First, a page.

The Gatekeepers

The Gatekeepers takes readers inside theadmissions office of Wesleyan University and sheds light on the process thatdetermines who will and will not be accepted into America’s most prestigiouscolleges and universities.

New York Times reporter Jacques Steinbergfollows admissions officer Ralph Figueroa’s tour of the country to promoteWesleyan and help select the next freshman class. Steinberg also shadows severalstudents Figueroa talks with and lets us know where they end up going. TheGatekeepers originally appeared in the Times as a series of front-page articles afew years ago.

Recently, many colleges have been flooded withapplications. For the Class of 2004, Wesleyan received over 7,000 applicationsfor 750 spaces. Not only have they experienced a boom in applications, they havealso seen more racial diversity. In the mid-1960s Wesleyan, under the directionof a new dean of admissions, began to recruit minority students. Before 1965,Wesleyan only admitted a few black students each year. But in 1969, Wesleyanincreased this to 27 minority students, 14 of whom chose to attend. From therethe number has rapidly grown.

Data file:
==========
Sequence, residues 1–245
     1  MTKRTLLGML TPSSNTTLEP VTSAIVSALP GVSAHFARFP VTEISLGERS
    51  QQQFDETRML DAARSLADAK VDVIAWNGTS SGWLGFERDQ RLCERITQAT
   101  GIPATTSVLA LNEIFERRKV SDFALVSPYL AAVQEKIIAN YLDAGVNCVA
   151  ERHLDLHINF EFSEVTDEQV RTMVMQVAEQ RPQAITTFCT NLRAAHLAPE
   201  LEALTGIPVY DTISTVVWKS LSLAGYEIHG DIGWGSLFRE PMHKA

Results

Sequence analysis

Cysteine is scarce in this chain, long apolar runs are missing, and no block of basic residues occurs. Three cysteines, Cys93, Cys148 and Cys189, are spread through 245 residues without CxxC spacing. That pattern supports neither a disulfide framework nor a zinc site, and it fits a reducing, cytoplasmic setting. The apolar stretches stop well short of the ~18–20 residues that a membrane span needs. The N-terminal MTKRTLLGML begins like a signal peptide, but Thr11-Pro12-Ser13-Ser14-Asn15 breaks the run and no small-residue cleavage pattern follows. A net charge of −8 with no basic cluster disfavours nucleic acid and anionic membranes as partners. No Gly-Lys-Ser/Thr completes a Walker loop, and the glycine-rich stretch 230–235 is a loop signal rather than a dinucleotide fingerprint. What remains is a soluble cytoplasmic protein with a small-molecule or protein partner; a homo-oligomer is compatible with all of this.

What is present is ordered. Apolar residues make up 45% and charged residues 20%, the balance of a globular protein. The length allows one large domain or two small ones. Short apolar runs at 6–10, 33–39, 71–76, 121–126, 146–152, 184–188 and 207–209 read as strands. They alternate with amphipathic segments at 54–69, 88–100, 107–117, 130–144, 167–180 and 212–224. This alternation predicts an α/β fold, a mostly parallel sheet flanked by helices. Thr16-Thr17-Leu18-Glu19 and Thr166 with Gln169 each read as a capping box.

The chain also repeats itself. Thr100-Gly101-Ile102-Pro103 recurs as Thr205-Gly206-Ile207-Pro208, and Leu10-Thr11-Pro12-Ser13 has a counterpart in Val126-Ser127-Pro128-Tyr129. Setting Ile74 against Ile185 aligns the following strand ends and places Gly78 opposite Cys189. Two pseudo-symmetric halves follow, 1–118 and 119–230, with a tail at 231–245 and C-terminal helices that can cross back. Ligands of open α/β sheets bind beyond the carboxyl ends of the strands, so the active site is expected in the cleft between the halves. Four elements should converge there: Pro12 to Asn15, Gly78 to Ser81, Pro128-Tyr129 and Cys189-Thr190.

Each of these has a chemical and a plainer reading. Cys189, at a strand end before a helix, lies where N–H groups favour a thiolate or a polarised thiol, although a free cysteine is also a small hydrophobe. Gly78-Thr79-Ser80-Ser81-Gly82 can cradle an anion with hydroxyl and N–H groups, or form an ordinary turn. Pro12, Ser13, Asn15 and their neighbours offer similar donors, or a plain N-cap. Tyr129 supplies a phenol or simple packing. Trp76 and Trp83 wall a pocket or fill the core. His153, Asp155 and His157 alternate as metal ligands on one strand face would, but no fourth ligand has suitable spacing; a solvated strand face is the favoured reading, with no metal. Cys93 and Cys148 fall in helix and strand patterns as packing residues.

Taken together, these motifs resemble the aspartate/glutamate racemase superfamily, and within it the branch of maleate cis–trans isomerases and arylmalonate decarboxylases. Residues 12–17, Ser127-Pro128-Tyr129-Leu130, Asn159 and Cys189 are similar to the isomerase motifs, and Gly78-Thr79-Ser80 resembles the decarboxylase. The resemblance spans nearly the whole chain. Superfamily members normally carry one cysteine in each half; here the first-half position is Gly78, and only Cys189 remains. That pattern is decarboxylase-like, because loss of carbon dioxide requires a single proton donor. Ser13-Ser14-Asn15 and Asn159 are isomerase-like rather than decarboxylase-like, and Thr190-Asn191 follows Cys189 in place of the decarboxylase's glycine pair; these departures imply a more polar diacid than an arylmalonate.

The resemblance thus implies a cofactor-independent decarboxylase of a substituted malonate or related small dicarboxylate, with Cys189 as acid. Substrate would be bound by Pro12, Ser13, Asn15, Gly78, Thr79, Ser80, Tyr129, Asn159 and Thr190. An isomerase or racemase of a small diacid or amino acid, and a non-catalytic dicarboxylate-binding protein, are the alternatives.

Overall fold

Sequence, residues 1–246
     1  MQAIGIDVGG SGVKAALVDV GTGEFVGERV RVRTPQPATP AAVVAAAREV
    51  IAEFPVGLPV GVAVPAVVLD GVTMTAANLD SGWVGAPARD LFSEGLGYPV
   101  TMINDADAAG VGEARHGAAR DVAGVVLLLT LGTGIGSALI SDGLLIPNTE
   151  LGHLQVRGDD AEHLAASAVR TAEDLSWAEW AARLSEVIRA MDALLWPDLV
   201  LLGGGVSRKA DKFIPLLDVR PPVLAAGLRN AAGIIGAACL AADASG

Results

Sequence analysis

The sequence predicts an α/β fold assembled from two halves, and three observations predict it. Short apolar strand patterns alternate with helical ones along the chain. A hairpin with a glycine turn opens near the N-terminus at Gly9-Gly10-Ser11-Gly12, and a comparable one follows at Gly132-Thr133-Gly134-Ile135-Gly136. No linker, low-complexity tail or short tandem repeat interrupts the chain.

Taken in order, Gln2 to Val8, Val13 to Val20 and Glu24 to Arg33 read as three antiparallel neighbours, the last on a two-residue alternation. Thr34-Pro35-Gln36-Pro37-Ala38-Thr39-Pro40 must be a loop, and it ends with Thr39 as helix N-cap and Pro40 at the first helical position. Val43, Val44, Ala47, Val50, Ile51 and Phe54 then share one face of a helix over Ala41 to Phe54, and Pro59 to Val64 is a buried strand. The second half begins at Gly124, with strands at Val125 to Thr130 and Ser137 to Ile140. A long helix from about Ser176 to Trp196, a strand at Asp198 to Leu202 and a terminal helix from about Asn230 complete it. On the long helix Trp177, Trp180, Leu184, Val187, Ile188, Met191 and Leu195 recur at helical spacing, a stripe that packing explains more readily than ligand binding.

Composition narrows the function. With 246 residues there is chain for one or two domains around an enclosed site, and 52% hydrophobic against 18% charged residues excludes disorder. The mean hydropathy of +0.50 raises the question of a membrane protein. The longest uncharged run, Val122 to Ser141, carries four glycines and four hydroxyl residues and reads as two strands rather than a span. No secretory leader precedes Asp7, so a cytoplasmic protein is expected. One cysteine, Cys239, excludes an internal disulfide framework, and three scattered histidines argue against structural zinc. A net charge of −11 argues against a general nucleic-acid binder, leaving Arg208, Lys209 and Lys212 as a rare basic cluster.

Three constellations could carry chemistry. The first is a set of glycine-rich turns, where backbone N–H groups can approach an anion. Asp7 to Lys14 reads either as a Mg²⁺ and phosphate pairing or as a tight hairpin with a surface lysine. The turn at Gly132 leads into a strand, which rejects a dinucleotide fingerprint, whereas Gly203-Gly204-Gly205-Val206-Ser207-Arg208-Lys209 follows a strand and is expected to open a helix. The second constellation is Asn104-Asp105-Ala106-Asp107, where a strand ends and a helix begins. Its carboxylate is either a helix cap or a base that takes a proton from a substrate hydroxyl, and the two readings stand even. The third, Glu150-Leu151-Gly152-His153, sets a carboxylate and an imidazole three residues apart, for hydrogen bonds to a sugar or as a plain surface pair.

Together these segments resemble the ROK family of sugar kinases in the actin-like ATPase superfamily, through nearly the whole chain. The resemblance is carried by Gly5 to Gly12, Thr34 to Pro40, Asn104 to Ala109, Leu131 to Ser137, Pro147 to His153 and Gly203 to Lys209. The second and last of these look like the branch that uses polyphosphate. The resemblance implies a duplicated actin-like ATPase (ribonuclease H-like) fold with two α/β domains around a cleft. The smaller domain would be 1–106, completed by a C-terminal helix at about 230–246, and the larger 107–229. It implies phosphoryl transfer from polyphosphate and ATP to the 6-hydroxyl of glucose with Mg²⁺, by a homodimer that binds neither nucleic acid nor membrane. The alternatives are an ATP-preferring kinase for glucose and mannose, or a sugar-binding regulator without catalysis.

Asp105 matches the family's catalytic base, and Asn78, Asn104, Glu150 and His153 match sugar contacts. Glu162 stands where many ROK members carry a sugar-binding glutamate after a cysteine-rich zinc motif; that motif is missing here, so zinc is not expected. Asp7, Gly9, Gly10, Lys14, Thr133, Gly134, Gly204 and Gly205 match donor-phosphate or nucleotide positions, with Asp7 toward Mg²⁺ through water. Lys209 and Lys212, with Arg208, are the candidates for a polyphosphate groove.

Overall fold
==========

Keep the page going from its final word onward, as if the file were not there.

The Gatekeepers also offers advice. Onemajor tip: there are no rules when writing college essays. When one student askedFigueroa whether or not to use poems for the essay, he responded, “Don’tsend me poems.” Then he read several spectacular poems and told the studentshe liked them.

Another tip? Never apply to just one college. The chancesof getting into a top choice are remote, especially if it is a prominent school.Always apply to your top pick, but also to other colleges so that you are notleft scrambling at the last minute.

One key factor that can impactadmission is the college essay. Tiffany Wang, a student whose essay Figueroareads, wrote about her struggle with her parents’ culture and feng shui. Figueroadecided not to admit her. Tiffany could have written about her connection withprisoners on death row. It turns out Figueroa is against the death penalty andsays he probably would have admitted Tiffany if she’d written her essay about herprisoner friend instead.

Overall, The Gatekeepers is a good book and amust-read for college applicants.